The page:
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By most estimates, we encounter thousands of brands every day.

No matter where you are right now, chances are you can look up from this article and start counting brand names and logos—on your screen, on the shelves in your house, or on your own clothing—and get into the dozens in no time. 

With so much brand “noise” out there, how can any new brand hope to create an identity that cuts through?

As a brand consultant, I pay more attention to brands than most, and I know the answer lies in a strong, distinctive brand identity—and the process used to create one. 

As co-author of the latest edition of Designing Brand Identity, I recently helped document this process, partnering with the late Alina Wheeler to update her best-selling guide to the world of brands and branding strategy. The book, now in its sixth edition, includes a universal, five-step branding process. 

Whether you’re a startup founder or a marketing leader, you’ll need these brand fundamentals to create a remarkable brand identity.

Why Worry About Your Brand Fundamentals? 

Study after study shows that investing in a strong brand can have measurable, positive impacts on business performance, from price premiums to employee recruitment to shareholder returns. 

Decisions made during the brand management process outlined below can influence the perceived value of a company (or product). 

And in the words of Sarah Robb, founder of Brand Strategy Academy, “The greater the perceived value, the greater the potential revenue.”

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Five Brand Fundamentals Marketing Leaders at Startups Need to Remember

The brand fundamentals below form a five-step process that can be used in any industry for organizations of any size, at any stage of growth. 

The time and resources required to complete the process may scale up or down, but the steps remain the same.

universal branding process by alina wheeler
The universal branding process outlined by Alina Wheeler in the first edition of Designing Brand Identity

Brand Fundamental #1: Do Your Research

Root your brand’s strategy and identity in facts, not opinions. 

Review materials. Ask colleagues and potential customers questions about how they see your product. Check out competitors’ websites, stores, or products. 

Document the imagery and words used—and overused—by companies in your category.

Brand Fundamental #2: Set a Clear Strategy

Based on what you’ve learned by conducting research, write down answers to a few basic questions: 

  • Who needs to know about your brand (i.e., Who are your customers)? 
  • What are a handful of ideas that you want your brand to stand for in the minds of those people? 
  • And lastly, how will you get there? 

You don’t have to have detailed answers at this point. But paint a picture—in broad brush strokes—of how you plan to make your audience think and feel about your brand.

Brand Fundamental #3: Design an Identity System

Brands are more than logos. 

Take a look at a list of the best branding books, and you’ll see they’re about more than logo design—they include positioning, storytelling (messaging), naming, and more.

Think of brand identity almost like a person’s identity. If a logo is like a face, consider all the other characteristics that makeup someone’s identity—their ideas, personality, style, and more.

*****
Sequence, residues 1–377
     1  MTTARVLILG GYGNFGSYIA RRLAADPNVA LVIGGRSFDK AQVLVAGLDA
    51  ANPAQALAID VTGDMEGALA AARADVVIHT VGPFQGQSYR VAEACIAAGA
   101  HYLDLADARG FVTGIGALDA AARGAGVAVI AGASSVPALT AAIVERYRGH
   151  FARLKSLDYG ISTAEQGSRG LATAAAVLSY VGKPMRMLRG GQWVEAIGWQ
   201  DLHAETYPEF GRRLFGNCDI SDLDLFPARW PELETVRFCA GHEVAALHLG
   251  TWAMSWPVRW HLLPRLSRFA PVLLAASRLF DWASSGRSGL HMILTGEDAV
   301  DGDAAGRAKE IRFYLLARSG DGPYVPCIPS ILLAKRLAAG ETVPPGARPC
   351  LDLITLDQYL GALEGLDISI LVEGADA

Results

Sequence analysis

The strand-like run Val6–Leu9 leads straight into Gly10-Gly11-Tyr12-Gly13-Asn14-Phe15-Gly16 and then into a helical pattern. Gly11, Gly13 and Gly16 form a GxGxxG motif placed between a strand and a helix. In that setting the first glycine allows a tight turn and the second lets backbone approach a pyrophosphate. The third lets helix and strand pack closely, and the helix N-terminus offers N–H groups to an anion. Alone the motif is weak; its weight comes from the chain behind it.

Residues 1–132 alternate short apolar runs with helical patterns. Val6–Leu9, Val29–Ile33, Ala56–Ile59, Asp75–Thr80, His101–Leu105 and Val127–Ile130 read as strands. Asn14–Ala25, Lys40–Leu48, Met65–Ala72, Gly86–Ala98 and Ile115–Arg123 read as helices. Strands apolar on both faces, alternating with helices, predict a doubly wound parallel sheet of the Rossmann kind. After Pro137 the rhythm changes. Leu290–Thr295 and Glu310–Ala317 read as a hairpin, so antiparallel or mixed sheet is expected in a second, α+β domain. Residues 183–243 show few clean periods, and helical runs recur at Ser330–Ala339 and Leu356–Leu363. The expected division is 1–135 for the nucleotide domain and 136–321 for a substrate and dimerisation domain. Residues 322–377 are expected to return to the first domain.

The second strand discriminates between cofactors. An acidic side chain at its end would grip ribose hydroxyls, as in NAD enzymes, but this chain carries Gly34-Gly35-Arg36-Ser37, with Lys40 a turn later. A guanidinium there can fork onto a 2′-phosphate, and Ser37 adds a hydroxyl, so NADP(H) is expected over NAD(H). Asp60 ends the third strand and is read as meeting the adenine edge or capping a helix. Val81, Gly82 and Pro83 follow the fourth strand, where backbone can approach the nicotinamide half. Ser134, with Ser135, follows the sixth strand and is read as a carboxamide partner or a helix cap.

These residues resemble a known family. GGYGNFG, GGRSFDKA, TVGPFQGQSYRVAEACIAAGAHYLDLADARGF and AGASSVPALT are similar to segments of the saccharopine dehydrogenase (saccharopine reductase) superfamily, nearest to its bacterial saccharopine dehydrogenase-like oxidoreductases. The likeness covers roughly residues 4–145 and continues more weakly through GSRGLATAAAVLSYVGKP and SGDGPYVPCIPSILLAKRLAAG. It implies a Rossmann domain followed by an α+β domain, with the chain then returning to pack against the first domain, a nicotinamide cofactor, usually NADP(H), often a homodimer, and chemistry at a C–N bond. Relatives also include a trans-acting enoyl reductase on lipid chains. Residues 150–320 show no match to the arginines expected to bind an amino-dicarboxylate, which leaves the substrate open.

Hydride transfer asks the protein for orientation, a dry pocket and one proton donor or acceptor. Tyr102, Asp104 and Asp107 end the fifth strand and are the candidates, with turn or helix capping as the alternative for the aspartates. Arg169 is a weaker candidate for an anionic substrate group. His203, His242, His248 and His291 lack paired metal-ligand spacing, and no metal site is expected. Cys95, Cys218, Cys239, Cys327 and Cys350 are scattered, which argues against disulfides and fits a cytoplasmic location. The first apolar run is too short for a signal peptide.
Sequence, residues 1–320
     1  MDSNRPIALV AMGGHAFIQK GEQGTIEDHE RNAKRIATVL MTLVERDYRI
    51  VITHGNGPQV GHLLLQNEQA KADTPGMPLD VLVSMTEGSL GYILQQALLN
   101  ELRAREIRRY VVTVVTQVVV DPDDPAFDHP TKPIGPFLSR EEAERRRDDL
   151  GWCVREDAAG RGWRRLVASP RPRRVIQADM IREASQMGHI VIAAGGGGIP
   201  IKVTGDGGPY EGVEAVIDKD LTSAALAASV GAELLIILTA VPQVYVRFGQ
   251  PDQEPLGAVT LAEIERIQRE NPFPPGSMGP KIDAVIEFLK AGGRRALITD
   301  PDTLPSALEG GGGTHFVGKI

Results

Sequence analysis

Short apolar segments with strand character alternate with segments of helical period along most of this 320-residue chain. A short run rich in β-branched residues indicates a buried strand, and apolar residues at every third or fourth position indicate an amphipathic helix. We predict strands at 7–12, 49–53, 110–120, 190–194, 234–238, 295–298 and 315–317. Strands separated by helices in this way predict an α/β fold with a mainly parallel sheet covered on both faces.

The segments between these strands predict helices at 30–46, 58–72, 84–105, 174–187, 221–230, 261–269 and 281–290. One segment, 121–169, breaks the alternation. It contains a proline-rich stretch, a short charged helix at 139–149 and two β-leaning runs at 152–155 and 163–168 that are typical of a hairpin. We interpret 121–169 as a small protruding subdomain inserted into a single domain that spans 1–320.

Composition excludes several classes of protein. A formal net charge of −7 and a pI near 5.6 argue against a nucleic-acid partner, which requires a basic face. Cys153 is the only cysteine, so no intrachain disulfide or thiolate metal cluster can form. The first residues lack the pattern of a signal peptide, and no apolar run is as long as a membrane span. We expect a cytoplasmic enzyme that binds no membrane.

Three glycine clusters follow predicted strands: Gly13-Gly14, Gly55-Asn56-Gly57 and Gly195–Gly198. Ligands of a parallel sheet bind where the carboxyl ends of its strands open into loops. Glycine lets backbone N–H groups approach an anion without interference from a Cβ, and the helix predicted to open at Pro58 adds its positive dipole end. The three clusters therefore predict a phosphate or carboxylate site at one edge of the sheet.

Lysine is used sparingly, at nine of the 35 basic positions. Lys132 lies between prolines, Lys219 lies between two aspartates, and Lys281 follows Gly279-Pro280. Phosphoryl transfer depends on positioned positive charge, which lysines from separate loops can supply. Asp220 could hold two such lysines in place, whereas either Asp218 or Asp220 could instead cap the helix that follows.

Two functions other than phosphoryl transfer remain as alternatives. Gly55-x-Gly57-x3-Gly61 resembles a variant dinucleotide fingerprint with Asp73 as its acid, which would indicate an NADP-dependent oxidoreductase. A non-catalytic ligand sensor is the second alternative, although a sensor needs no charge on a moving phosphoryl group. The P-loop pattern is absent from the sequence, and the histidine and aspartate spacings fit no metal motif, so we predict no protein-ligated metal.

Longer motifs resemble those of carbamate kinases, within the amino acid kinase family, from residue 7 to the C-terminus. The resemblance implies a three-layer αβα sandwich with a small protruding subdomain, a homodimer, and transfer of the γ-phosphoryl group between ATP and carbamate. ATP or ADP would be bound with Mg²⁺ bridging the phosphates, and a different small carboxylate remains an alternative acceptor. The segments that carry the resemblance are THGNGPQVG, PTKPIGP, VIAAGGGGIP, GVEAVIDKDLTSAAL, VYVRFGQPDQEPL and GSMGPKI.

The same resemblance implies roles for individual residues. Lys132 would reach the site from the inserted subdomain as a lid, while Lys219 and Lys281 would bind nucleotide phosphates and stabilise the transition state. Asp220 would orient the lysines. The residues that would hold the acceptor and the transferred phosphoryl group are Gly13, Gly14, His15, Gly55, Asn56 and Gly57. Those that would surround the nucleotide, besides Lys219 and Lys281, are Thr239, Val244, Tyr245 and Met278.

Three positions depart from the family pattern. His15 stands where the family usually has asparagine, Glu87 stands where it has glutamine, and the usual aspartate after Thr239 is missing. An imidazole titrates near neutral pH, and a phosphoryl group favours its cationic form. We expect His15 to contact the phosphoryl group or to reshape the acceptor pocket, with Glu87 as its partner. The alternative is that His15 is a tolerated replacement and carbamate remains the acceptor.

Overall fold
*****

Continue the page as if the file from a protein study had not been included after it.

Similarly, a brand identity can include other visual elements, like colors and typography, as well as non-visual elements, like words or sounds. (Just think of the Netflix “sonic logo” or the sound of a Coke bottle opening.)

Brand Fundamental #4: Create Touchpoints

Touchpoints are places where your brand “touches” your intended audience - from websites and apps to packaging and retail spaces. 

Extend the identity into every relevant touchpoint, creating a seamless, coherent brand experience. As your brand identity is refined, you’ll need to strike the right balance between flexibility of expression and consistency in communications.

brand fundamentals brand touchpoint infographics
Each brand touchpoint is an opportunity to increase awareness and build associations between your brand and the attributes you hope to make it stand for.

Brand Fundamental #5: Watch Your Assets

Building strong brand equity takes time. 

Over the years, many people may have been responsible for representing the brand and creating brand applications. So, producing training and guidelines documents is critical. 

When planning a significant change (e.g., a rebrand), remember to consider the order in which audiences are notified—employees should know what’s changing before customers find out. As we outlined in Designing Brand Identity, “Military mobilization skills come in handy, and boundless optimism helps.”

When in Doubt, Trust the Process

The late Alina Wheeler, who wrote the first edition of Designing Brand Identity over 20 years ago, had a mantra: Trust the process. 

Whether you’re branding your startup, rebranding your small business, or working as a brand manager inside an established organization, the process is the same. 

Strategy is based on research findings, and strategic thinking must inform design. Every touchpoint reflects a core brand identity, and all these brand assets must be refined, managed, and protected over time. Trust the process, get these brand fundamentals right, and you’ll be on your way to a brand people remember.

By Rob Meyerson

Rob Meyerson runs Heirloom, a brand strategy and identity firm. He is the author of Brand Naming and coauthor of Designing Brand Identity, sixth edition. Rob also hosts the podcast How Brands Are Built.